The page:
I’ve long avoided the Earth Defense Force (EDF) franchise.  The idea of it sounded interesting but the few videos I’ve seen of it always looked bad and the review scores for most of the franchise seemed worse.  I lumped it in with Dynasty Warriors—a franchise that I never wanted to touch. But a friend roped me into playing Iron Rain, so here we are. While Iron Rain isn’t as bad as I initially anticipated, that still doesn’t make it a “good” game.

EDF places you in the shoes of a soldier you create at the start of the game.  The “Aggressors” (aliens) are attacking per usual and it’s up to you and your somewhat ragtag squad to stop them.  I have no idea why they don’t just call them “Aliens”, but I digress. You then spend about 50+ missions blasting apart giant bugs, robots, spiders and alien spacecraft.

There are four classes of soldier for you to play as. Two are unlocked from the start while the other two are unlocked gradually in the story.  They are:

Trooper – This is the default class and the most baseline.  It can wield most weapons, has decent defense and the special move is a dash to get out of danger, quickly.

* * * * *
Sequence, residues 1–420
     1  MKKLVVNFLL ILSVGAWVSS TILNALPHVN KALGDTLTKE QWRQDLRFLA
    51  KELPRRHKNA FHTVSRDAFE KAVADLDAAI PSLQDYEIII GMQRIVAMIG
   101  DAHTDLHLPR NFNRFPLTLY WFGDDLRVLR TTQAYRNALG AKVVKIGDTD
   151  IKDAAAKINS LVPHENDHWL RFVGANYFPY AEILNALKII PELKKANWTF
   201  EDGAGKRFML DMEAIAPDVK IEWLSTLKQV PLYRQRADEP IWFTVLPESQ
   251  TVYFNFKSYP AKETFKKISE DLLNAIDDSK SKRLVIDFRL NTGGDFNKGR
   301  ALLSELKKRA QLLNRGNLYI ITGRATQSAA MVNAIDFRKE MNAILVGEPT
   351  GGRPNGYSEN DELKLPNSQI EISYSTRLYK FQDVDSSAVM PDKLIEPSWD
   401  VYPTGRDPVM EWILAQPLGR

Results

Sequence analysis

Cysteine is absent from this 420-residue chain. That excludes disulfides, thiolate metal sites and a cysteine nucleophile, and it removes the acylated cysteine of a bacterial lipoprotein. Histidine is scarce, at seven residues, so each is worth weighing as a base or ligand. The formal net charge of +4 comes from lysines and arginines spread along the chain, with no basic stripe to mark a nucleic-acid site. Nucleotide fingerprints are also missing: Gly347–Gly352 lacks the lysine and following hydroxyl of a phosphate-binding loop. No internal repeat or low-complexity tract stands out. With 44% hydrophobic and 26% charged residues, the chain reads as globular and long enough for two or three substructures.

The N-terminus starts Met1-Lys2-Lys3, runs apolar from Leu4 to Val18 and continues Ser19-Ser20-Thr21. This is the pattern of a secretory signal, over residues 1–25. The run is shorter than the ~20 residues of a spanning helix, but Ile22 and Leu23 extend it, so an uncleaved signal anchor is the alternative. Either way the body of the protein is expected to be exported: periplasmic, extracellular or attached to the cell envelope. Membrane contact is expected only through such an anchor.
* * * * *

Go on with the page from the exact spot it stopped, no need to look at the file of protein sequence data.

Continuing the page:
Jet Lifter – Aka “The Flying Class”.  This soldier has wings so it can somewhat fly around the battlefield, dealing out damage.  Unfortunately, the controls aren’t exactly great for this activity.

Heavy Striker – This is the tank class of the 4 available.  You can use two weapons at once which means it deals out more damage but you do have to be aware of your ammo.  The special ability is an energy shield that stops damage at the cost of energy.

Lastly, my personal favorite the Prowl Rider.  The PW has slightly more armor than the Jet Lifter but less than the Trooper and far less than the Heavy Striker.  The hook with this class is it literally has a grappling hook that can attach to buildings, or even the ground, to zip around the level with.  It’s a lot like the grappling hook in the Just Cause games.

Each class also has an “Overdrive” mode that is akin to a super-mode for your soldier.  The Trooper shoots/reloads a lot more quickly, the Lifter can fly infinitely a short time/shoot quicker, the Striker’s shield increases in diameter and the Striker summons a friendly insect to ride.  I should say “attempts” to summon, since this feature didn’t seem to work half the time.